|I'm one of the co-founders of Media Wombat ( flash search engine at http://mediawombat.com ) and we're a startup that's about 8 months old. We have no funding except what we can afford to do ourselves, no investors and very little spare hardware.|
Our site is a search engine - like google, but for flash content. We threw together the site in a weekend and have been slowly tweaking it over time but recently have run into some growth issues. If you have funding or investors and have growth issues, you can just throw more hardware at the problem and ta-da! You're fast again. However, for those of us who don't have money being thrown at us, we have to be a little more creative and start to look at optimization.
I've got a couple of old machines and an 8-drive SCSI RAID in my basement that I'm using for our search engine to crawl the web and process the data that we index for our search engine. My machines are not quad-core and don't have 64GB of ram in them. They're old and tiny.
When we first put http://mediawombat.com together, we threw it all together just to get it to work. We did everything as quick and dirty as we could. We used perl and mysql for the back-end. The crawler was straight-forward, single-threaded, slow, clunky, but it worked. After about 4 months of collecting data, we started to see some growth issues. Searches were becoming slow.
We were using a live search through all of our indexed data. First step to optimization - caching of course. This was a pretty easy no-brainer. We recorded all of the searches that people did on our site and we pre-cached the search results for the top-2000 of the most-popular searches. This way, when someone does a search for a popular search phrase, they get (almost) immediate results. Not too bad of a solution.
Just a few weeks ago, I noticed that our crawler has become the slowest part of our back-end process. We had crawled most of our initial sites and gotten some good data back, but now, the crawler is just crawling lots of uninteresting urls and not getting anything of any value back. We overflowed onto other sites with no flash and were now crawling sites that didn't return any useful data back. We were wasting resources.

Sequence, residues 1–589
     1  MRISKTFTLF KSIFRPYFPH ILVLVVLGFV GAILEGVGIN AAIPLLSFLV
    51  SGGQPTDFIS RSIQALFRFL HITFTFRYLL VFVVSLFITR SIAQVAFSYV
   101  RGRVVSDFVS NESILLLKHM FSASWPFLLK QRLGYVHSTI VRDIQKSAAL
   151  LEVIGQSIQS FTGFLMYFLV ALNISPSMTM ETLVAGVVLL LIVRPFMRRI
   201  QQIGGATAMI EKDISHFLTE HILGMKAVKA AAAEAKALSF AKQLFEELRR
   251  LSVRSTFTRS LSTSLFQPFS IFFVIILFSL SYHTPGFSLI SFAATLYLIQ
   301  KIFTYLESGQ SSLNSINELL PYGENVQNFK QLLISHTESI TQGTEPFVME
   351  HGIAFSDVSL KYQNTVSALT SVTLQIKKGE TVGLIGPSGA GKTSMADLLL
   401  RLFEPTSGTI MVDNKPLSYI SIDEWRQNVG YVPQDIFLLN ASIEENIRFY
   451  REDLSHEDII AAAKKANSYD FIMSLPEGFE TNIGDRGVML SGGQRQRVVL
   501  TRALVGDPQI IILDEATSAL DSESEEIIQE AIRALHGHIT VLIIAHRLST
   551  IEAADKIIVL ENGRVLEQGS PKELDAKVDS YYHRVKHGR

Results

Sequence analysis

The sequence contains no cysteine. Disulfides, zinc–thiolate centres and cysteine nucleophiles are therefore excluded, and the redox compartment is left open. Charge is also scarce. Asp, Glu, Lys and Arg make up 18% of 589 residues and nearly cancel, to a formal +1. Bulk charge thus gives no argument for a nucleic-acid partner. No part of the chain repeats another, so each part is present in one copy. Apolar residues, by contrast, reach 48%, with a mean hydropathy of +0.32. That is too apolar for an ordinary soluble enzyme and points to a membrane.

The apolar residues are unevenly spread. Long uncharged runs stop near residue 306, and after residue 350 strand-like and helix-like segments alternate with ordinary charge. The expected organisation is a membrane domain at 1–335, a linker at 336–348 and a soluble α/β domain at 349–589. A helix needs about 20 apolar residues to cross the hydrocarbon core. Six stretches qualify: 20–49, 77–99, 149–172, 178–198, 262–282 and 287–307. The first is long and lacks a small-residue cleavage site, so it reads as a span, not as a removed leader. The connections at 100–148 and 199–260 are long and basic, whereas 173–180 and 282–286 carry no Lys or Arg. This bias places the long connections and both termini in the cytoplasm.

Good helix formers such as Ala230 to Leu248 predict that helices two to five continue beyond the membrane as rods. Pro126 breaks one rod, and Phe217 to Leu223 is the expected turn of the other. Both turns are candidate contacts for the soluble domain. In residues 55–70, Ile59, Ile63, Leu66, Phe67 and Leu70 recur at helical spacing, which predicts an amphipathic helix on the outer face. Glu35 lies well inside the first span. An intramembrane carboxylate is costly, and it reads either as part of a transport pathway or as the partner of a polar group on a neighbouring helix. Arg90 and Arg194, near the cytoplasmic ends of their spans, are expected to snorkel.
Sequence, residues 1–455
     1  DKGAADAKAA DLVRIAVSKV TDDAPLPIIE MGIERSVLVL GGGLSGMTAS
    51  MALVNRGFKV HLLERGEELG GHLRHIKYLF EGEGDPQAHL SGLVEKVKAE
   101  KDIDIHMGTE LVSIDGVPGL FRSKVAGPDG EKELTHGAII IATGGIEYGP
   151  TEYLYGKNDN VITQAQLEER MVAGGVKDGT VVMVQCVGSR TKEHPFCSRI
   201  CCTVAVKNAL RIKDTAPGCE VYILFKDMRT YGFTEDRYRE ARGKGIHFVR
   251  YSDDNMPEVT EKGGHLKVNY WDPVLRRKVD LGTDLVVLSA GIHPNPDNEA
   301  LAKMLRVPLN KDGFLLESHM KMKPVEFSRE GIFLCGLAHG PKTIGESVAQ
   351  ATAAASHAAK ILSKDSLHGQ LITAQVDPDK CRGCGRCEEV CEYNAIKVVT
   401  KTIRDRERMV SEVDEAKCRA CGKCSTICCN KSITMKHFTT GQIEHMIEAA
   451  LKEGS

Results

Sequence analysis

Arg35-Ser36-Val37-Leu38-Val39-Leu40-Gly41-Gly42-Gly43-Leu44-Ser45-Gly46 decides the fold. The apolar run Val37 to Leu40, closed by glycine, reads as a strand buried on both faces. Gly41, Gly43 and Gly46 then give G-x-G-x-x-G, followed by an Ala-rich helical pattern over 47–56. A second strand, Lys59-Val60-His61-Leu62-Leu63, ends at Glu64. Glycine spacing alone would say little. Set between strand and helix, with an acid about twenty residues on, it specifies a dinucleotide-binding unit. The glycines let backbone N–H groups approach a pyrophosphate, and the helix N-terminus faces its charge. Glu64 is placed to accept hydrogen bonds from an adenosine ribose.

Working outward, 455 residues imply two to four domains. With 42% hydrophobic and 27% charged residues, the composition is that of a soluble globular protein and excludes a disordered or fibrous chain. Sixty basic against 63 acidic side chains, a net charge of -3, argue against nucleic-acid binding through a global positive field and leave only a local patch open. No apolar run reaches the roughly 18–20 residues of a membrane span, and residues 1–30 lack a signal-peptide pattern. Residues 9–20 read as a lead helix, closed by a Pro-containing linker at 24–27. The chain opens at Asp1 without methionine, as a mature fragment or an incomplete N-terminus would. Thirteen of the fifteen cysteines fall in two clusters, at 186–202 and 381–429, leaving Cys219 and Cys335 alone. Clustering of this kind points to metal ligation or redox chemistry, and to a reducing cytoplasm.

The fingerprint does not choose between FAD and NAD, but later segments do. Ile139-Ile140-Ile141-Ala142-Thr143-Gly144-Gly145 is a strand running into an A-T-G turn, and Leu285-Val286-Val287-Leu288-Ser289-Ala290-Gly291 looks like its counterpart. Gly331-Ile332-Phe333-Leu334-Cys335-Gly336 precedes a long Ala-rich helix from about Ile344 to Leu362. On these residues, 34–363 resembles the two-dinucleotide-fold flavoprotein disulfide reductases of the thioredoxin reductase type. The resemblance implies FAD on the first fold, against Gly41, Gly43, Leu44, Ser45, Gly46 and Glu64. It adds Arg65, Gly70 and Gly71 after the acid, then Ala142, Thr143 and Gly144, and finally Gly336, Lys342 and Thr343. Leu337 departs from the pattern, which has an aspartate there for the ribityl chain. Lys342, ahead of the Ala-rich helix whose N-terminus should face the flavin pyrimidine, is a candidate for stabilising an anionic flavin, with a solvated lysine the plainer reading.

So, I was at my mother-in-law's place last weekend and she doesn't have any internet connectivity. I was bored and needed some time away from the family to geek-out. I thought to myself how I could make the back-end crawler and database more optimized ... I re-wrote the crawler in C and made it multi-threadded. And instead of reading and writing to a database, I used flat files. I also pre-processed everything outside of the database using the old-style unix text utilities (grep, sort, uniq, sed, awk, ...). One of those cartoonish lightbulb-over-the-head moments happened to me.
The unix text utilities were written in the 60's and 70's when computers were 33mhz and had 5MB of ram. Of course these utilities are going to be lean and mean! Perl was a memory hog and if I multi-threadded it, ate up most of my available ram on my machine if I spawned > 5 threads.
I read the man pages on all of the unix text utils that I could find. I even found some new ones that I didn't even know about before (and I've been using unix (linux) as my primary OS since 1990). I managed to replace about 90% of my crawler that was previously written in perl, to a bunch of unix utilities, a few shell scripts and my multi-threadded crawler in C. I did my crawling operations in bulk and processed them in the background while the crawler was doing it's thing.
I was super-proud that I had optimized the code as much as I had. I went from about 30k urls a day to about 60k urls crawled an hour! To me, that was a huge speedup! Anyway, to make a long story short, I'm still looking for ways to optimize things and I've got a long list of things to do if/when the time becomes available and I've got more time than money at this point so it's worth the effort, and it's really rewarding!